With one exception—sensitivity. Jill needed an ear, not a mouth.
Probably no area in our marriage has been so difficult for me as that of learning simply to listen to my wife. At every level our schools offer courses in speech, but no one teaches us how to listen. The more my wife resisted my sage counsel, the more vocal I became, until my earnest desires to help deteriorated into a crushing harshness. James's admonition that we be "quick to listen, slow to speak" (James 1:19) certainly applies to men. Howard Hendricks calls our malady as men an "omniscience complex." We think we know more than women, are more logical, more competent, and on and on. So we are quick to speak and slow to hear. Harshness is often the result.
A husband's love is to be sensitive. It should deal with the wife at the level of her feelings. I now call my wife at least once each day just to find out how she is. It's like a pressure valve for her, and it also keeps our worlds from becoming polarized.
I also fight the "call of the sirens" that lures me to the couch when I walk through the door each night. I walk to wherever Jill is, give her a cordial kiss, and talk with her about the events of her day. Helping set the table or getting the beverages ready serves to make dinner a pleasant time to talk, even with four children. We also have a "tea time" immediately after supper; we dismiss the boys, and then Jill and I can talk more.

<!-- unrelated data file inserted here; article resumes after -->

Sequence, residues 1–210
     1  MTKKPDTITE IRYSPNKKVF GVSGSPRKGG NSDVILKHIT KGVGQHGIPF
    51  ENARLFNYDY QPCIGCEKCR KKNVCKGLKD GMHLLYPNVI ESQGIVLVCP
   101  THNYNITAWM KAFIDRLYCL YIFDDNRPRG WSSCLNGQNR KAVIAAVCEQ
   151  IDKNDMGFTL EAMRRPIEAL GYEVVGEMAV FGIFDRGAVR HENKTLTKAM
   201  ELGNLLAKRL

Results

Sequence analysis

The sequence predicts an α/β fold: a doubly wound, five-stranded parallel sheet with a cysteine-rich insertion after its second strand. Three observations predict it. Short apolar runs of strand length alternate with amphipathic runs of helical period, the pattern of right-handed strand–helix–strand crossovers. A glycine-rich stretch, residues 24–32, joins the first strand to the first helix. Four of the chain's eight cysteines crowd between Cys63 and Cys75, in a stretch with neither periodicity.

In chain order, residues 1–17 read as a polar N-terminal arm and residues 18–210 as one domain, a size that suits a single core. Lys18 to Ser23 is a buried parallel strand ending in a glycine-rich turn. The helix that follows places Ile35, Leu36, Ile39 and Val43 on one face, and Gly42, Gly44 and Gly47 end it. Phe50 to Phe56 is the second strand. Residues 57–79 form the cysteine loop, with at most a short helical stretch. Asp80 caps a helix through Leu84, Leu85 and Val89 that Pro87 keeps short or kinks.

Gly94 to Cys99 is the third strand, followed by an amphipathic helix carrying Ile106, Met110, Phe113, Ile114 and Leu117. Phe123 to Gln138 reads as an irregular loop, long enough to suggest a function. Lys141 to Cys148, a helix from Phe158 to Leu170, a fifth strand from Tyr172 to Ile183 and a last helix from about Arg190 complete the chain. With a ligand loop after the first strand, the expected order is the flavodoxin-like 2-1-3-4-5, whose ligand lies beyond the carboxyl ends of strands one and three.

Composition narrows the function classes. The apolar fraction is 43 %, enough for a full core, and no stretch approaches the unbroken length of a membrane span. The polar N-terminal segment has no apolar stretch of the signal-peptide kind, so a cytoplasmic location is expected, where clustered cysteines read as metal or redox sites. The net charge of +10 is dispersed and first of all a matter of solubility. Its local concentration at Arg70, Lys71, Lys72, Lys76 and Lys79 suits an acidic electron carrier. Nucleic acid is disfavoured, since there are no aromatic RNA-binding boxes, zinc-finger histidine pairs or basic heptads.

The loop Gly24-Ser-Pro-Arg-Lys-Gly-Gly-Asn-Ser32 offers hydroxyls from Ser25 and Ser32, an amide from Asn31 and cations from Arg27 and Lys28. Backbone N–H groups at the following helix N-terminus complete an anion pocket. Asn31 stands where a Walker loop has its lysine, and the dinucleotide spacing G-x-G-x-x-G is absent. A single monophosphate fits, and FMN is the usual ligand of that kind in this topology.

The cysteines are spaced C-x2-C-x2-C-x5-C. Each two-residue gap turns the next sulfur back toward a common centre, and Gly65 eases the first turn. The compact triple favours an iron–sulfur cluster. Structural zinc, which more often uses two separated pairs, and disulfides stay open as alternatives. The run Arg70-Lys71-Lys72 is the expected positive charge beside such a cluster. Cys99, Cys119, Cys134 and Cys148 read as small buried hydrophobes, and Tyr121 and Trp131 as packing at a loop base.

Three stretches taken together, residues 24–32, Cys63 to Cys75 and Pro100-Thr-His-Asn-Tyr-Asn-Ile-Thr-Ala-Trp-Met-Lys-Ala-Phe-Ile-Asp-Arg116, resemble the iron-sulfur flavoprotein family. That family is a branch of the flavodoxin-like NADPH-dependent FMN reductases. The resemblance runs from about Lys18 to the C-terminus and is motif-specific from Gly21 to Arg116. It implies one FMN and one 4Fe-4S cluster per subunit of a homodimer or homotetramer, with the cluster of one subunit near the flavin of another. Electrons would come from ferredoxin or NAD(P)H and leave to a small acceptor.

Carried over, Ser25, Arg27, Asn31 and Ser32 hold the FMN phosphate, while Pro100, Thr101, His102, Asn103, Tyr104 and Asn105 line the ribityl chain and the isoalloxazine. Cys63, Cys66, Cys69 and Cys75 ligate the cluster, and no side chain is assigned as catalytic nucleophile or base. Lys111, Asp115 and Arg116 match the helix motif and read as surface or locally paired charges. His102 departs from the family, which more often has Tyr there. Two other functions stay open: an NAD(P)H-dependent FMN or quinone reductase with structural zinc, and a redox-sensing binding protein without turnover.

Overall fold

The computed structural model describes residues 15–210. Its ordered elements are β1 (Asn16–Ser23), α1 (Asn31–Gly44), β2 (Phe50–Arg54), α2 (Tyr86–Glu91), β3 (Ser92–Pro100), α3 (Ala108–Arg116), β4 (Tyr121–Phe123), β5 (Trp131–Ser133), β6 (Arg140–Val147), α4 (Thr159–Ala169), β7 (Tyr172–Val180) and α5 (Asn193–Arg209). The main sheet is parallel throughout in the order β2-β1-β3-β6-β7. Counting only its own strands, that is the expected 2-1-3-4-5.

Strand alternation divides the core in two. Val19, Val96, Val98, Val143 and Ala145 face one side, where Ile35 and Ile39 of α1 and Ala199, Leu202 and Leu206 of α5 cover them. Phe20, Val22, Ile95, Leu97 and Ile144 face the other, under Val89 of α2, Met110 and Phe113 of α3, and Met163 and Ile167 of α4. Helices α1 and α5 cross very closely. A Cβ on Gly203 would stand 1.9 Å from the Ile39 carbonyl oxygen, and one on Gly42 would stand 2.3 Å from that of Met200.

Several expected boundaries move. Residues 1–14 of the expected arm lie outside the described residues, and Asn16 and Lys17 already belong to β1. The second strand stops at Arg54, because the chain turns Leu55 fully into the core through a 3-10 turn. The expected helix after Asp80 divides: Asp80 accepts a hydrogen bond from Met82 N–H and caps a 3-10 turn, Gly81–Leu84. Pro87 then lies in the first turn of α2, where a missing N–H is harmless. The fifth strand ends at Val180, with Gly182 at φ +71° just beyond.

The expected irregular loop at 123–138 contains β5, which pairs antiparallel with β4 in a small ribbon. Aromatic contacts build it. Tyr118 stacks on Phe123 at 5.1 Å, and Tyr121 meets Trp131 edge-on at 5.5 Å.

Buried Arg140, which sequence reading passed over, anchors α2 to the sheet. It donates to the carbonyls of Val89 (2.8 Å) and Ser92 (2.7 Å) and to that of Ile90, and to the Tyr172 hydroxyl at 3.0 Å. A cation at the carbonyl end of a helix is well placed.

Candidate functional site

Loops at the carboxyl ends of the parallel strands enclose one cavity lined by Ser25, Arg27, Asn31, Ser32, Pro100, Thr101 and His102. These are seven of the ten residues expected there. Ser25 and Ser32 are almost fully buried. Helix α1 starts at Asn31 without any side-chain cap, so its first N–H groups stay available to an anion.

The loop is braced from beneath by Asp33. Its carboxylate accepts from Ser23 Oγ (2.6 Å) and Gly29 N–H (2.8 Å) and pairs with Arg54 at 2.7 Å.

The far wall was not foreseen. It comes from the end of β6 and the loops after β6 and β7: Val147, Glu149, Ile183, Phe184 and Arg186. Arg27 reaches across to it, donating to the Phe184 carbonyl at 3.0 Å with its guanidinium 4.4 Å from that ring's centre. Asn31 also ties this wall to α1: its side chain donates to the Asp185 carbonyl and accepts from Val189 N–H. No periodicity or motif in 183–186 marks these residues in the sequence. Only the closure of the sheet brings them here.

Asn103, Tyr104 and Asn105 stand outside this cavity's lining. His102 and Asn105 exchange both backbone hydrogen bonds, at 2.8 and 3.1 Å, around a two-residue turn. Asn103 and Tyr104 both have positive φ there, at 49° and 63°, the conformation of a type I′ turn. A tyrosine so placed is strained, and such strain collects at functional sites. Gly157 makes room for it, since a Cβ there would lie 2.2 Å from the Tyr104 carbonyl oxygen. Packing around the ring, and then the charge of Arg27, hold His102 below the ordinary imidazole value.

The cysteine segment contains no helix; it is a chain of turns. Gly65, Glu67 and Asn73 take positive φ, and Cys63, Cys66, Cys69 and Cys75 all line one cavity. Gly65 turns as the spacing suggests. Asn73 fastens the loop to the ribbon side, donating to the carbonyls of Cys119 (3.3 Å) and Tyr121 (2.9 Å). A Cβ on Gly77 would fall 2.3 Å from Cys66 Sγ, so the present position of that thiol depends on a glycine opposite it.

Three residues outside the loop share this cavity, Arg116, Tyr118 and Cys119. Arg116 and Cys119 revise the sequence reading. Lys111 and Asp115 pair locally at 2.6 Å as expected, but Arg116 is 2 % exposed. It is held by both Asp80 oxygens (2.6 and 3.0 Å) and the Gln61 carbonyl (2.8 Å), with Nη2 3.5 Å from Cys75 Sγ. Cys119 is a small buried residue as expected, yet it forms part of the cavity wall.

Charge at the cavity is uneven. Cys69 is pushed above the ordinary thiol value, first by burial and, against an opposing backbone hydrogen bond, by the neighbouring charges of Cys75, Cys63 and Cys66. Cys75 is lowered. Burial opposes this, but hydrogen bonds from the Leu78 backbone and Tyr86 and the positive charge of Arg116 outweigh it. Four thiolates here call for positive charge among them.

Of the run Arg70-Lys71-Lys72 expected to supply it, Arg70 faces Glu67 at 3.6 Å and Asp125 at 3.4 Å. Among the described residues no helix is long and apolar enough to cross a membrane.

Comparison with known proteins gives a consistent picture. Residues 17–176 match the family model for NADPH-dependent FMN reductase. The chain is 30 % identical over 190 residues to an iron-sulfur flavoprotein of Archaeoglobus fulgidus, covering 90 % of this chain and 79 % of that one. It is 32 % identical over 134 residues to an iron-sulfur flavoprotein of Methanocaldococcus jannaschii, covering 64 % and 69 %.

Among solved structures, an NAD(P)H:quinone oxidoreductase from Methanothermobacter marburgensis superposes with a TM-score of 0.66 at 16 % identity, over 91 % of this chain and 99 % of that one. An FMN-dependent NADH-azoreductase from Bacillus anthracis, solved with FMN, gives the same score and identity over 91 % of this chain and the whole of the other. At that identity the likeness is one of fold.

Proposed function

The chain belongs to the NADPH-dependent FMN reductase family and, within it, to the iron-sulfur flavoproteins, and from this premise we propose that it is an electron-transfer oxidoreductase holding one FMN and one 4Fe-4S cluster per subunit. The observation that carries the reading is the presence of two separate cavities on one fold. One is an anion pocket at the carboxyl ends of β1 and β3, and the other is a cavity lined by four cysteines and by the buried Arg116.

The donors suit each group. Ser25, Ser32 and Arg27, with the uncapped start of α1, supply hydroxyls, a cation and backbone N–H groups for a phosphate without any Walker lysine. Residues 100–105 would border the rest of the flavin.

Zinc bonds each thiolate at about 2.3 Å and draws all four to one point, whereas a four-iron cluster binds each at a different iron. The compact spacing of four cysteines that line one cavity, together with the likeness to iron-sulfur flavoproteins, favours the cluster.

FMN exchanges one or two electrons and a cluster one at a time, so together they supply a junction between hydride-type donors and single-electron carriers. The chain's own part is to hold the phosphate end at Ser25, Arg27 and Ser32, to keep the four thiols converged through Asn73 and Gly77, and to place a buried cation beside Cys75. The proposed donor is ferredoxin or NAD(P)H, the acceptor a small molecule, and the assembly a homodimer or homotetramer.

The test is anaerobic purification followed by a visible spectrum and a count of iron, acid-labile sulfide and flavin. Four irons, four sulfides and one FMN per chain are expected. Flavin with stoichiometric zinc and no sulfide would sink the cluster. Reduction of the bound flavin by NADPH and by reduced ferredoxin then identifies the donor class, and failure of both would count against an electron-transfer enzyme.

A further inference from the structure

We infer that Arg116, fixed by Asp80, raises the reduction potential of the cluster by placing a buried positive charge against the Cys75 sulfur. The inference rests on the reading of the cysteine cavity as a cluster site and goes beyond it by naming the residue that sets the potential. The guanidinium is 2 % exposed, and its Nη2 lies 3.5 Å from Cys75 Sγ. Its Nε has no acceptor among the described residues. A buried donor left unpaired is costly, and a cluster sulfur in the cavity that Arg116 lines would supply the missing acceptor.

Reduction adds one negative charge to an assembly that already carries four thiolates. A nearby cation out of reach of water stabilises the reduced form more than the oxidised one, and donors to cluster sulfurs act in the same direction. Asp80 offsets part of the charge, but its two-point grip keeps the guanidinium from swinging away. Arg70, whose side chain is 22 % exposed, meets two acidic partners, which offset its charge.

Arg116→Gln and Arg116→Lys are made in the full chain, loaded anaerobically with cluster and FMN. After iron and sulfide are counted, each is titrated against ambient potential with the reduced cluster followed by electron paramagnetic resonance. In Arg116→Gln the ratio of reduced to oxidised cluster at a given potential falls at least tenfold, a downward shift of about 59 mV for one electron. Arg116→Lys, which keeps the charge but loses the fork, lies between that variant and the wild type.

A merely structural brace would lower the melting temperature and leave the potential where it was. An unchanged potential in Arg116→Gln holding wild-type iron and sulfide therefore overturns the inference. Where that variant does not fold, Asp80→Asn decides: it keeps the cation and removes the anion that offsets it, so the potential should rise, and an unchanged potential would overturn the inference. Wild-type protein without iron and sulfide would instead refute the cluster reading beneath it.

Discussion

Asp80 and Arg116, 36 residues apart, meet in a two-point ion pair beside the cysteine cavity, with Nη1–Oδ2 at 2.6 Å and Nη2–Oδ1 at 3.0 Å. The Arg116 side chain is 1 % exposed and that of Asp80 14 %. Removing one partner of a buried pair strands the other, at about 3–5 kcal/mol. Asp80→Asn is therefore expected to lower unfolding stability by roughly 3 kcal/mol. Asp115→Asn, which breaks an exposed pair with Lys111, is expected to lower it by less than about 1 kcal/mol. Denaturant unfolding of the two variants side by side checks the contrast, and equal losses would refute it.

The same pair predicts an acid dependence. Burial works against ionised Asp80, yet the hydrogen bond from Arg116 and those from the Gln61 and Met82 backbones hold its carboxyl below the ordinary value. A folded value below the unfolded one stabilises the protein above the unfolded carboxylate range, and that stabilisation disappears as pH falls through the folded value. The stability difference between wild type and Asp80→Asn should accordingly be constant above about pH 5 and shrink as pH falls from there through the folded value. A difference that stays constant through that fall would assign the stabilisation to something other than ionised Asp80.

Learning to listen to my wife is as hard for me as pushing a chain, but I'm committed to being sensitive in obedience to Colossians 3:19.
Finally, a husband's love should be considerate. "Husbands, in the same way be considerate as you live with your wives, and treat them with respect as the weaker partner and as heirs with you of the gracious gift of life, so that nothing will hinder your prayers" (1 Peter 3:7). The words be considerate translate a prepositional phrase that literally means "according to knowledge." It speaks of insight, a studious awareness of who your wife is and what is involved in the marriage relationship.